Take the 2-minute tour ×
Stack Overflow is a question and answer site for professional and enthusiast programmers. It's 100% free, no registration required.

I want to make a HTTP-request using node.js to load some text from a webserver. Since the response can contain much text (some Megabytes) I want to process each text chunk separately. I can achieve this using the following code:

var req = http.request(reqOptions, function(res) {
    ...
    res.setEncoding('utf8');
    res.on('data', function(textChunk) {
        // process utf8 text chunk
    });
});

This seems to work without problems. However I want to support HTTP-compression, so I use zlib:

var zip = zlib.createUnzip();

// NO res.setEncoding('utf8') here since we need the raw bytes for zlib
res.on('data', function(chunk) {
    // do something like checking the number of bytes downloaded
    zip.write(chunk); // give the raw bytes to zlib, s.b.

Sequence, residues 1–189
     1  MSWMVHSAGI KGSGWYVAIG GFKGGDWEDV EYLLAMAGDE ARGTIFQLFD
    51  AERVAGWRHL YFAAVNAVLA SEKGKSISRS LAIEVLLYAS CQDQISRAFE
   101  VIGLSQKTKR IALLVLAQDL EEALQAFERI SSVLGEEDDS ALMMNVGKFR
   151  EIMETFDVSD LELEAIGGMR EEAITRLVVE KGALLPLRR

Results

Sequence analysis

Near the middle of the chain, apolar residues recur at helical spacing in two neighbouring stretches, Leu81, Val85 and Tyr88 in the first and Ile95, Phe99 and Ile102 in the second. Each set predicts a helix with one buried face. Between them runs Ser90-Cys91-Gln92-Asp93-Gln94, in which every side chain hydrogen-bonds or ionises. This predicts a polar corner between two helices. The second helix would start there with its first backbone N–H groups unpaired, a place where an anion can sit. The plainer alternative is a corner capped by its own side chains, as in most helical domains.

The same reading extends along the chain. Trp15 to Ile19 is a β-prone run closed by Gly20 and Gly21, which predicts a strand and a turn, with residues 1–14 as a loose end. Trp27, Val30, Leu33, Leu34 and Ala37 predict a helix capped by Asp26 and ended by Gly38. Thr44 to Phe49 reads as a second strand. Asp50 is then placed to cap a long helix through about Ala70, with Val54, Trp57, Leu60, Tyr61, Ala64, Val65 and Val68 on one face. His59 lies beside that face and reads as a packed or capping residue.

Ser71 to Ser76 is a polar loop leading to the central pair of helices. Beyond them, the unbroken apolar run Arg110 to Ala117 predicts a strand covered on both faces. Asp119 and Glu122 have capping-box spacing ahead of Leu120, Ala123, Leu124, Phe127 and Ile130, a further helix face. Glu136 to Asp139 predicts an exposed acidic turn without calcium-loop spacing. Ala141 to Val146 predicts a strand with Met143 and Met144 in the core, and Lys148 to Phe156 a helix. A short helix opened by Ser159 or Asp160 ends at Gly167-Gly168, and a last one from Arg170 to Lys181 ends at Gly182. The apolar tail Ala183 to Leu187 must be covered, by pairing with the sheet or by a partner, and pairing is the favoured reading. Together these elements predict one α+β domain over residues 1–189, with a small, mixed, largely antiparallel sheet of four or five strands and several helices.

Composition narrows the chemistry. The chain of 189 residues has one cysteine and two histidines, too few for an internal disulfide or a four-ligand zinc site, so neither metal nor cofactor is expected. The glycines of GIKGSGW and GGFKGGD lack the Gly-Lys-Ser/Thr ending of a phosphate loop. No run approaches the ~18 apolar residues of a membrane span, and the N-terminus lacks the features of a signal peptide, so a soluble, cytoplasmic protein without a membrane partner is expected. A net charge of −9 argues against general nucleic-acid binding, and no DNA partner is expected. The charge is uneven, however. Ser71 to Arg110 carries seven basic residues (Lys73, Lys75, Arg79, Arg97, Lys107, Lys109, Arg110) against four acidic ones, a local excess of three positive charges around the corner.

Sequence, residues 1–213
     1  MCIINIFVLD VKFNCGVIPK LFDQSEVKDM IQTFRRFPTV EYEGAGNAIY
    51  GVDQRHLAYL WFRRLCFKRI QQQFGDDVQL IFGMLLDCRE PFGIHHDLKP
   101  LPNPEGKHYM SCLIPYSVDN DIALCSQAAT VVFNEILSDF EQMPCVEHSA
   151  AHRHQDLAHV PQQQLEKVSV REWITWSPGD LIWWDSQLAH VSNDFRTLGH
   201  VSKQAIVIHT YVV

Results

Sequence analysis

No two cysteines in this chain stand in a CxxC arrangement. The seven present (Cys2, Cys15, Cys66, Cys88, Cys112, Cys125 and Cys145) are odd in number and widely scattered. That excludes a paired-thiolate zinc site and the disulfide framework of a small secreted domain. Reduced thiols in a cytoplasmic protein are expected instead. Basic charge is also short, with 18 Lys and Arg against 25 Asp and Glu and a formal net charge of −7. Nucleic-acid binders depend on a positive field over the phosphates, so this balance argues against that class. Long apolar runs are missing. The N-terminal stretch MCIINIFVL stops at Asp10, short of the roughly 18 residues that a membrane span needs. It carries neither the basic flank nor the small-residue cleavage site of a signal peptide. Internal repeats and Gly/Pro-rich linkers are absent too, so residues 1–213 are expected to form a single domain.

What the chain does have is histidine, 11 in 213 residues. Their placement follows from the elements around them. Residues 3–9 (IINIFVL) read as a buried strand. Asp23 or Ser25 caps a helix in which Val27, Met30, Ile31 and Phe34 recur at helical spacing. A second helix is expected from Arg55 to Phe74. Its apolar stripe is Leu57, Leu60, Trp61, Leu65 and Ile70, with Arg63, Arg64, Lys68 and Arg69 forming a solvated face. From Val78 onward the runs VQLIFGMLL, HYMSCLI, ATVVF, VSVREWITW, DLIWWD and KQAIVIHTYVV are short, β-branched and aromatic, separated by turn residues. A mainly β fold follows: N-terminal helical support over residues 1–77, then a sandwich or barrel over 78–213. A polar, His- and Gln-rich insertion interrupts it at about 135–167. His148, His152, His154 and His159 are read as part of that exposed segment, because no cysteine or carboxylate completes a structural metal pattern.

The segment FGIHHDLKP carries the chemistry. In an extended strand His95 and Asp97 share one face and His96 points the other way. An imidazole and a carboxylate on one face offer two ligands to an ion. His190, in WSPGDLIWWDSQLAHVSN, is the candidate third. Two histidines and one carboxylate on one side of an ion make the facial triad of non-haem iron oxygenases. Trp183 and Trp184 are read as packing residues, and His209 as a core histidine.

});

zip.on('data', function(chunk) {
    // convert chunk to utf8 text:
    var textChunk = chunk.toString('utf8');

    // process utf8 text chunk
});

This can be a problem for multi-byte characters like '\u00c4' which consists of two bytes: 0xC3 and 0x84. If the first byte is covered by the first chunk and the second byte by the second chunk then chunk.toString('utf8') will produce incorrect characters at the end/beginning of the text chunk. How can I avoid this?

Hint: I still need the buffer (more specifically the number of bytes in the buffer) to limit the number of downloaded bytes. So using res.setEncoding('utf8') like in the first example code above for non-compressed data does not suit my needs.

share|improve this question
add comment

1 Answer

up vote 5 down vote accepted

First I found this and then I found this. So my solution actually looks like this:

var req = http.request(reqOptions, function(res) {
    ...
    var decoder = new StringDecoder('utf8');

    res.on('data', function(chunk) {
        var textChunk = decoder.write(chunk);
        // process utf8 text chunk
    });
});

This seems to work well with compressed and non-compressed data since bytes of incomplete characters probably are buffered :-)

share|improve this answer
3  
You can also to chunk.toString('utf8'); –  Zugwalt Dec 27 '13 at 23:59
add comment

Your Answer

 
discard

By posting your answer, you agree to the privacy policy and terms of service.

Not the answer you're looking for? Browse other questions tagged or ask your own question.